becoming more integrated with the economic and security structure of
Europe, so that we will see them growing and prospering the way Poland,
Hungary and the Czech Republic did after the fall of communism, for
example. And I don't see how Serbia can participate in that unless they
have a leadership that is committed to a multiethnic, multireligious
democracy and to genuine democracy and human rights.
REPORTER: Do you feel vindicated against the criticism that the air
war would not work, sir?
THE PRESIDENT: Well, I think -- again, I would say, I think that are
people in uniform performed superbly and they performed risking their
lives. We regret the fact that there were any civilian casualties, but
our pilots risked their lives to minimize those casualties. And there
were far fewer here, for example, than there were in the Gulf War --
far, far fewer.
And I think it's a tribute to Secretary Cohen and to General Shelton
and the others who believed that, given these facts -- given these facts
-- and given the capacity of our forces, that this strategy could work.
We never took other options off the table, we had planned and thought
about them. But I think that our people in uniform, starting with our
Secretary of Defense, are the ones that have been vindicated by this.
And I'm grateful for what they have achieved.
But in terms of America, the United States should feel vindicated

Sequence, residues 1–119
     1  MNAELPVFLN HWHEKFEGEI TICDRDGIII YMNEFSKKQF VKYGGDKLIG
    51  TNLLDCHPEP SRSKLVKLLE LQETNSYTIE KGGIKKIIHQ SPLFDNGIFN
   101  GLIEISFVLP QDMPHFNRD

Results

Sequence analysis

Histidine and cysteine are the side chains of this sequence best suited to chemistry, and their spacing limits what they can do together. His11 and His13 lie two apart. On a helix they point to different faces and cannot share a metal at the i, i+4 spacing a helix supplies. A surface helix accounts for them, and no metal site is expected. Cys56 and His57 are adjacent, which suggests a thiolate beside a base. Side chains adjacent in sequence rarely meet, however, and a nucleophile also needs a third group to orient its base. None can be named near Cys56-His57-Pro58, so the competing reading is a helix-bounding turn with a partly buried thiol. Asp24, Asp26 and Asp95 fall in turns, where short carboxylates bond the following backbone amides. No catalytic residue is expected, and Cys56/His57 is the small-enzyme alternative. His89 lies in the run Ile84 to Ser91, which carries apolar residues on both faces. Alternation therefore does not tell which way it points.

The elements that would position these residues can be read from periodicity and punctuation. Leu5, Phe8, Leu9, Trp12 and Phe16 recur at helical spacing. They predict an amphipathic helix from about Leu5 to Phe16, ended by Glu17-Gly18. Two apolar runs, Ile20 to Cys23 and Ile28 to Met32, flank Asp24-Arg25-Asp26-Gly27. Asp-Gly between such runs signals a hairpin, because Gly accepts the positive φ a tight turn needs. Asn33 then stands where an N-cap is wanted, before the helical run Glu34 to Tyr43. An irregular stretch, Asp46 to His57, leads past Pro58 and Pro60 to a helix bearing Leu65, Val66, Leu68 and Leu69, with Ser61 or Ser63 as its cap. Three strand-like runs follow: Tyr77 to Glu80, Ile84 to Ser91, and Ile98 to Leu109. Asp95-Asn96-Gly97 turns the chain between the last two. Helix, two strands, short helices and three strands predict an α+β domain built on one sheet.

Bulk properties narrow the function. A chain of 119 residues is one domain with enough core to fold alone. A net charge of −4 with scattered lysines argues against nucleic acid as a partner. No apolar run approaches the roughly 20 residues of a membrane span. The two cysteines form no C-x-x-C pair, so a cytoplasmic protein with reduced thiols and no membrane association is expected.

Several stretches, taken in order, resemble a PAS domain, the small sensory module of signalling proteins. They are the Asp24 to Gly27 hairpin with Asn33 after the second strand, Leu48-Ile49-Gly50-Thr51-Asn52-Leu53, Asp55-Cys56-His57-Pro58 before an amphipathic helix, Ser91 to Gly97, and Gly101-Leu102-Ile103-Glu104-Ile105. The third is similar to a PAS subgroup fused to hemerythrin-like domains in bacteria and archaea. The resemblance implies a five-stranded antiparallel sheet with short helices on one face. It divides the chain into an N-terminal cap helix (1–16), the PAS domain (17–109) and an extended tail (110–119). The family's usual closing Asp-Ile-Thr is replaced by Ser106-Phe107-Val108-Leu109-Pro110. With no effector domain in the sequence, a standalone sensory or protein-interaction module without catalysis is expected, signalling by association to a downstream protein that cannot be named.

when the people go home, and when they're safe, and when we can say
that we, as a nation, have played a role in reversing ethnic cleansing.
Because if we do that, after what we have done in Bosnia, and the work
we have been doing in Africa to set up a crisis response team to try
to prevent a Rwanda from ever occurring again, then we will be able
to see the world go into the 21st century with a more humane future
-- not able to stop all conflict, not able to stop all ethnic conflict,
but at least able to prevent this sort of thing.
REPORTER: Why do you think he gave in now, Mr. President? Apart from
the air campaign, was it also the indictment as a war criminal; was
he getting pressure from his own people, from his military?
THE PRESIDENT: They paid quite a high price for this; they were hurt
REPORTER: Mr. President, sir, it's going to cost a lot of money to
reconstruct Kosovo and also the neighboring countries are going to need
a lot of aid. How much is the United States willing to put up, and will
this be a European endeavor with help from the United States?
THE PRESIDENT: Well, as I said, I would expect that most of the money
would come from Europe because most of the cost of this campaign, the
air campaign, have been borne by the United States. I don't quarrel
with that; we had the capacity and we did what we should have done.
But I don't want us to get into a haggling situation, either. We should
do this because it's the right thing to do. And it will be -- let me
say this -- it will be far less expensive -- far, far less expensive
for us to make a decent contribution to the long-term development of
these people than it will be to wait around for something like this
to happen again and run the risks, all the risks we had to deal with
this time that it might spread and all of that.
So I hope that we will be forthright. I hope the international institutions
will do their part. And I think we need to focus on this because this
is the last big challenge.
Thank you very much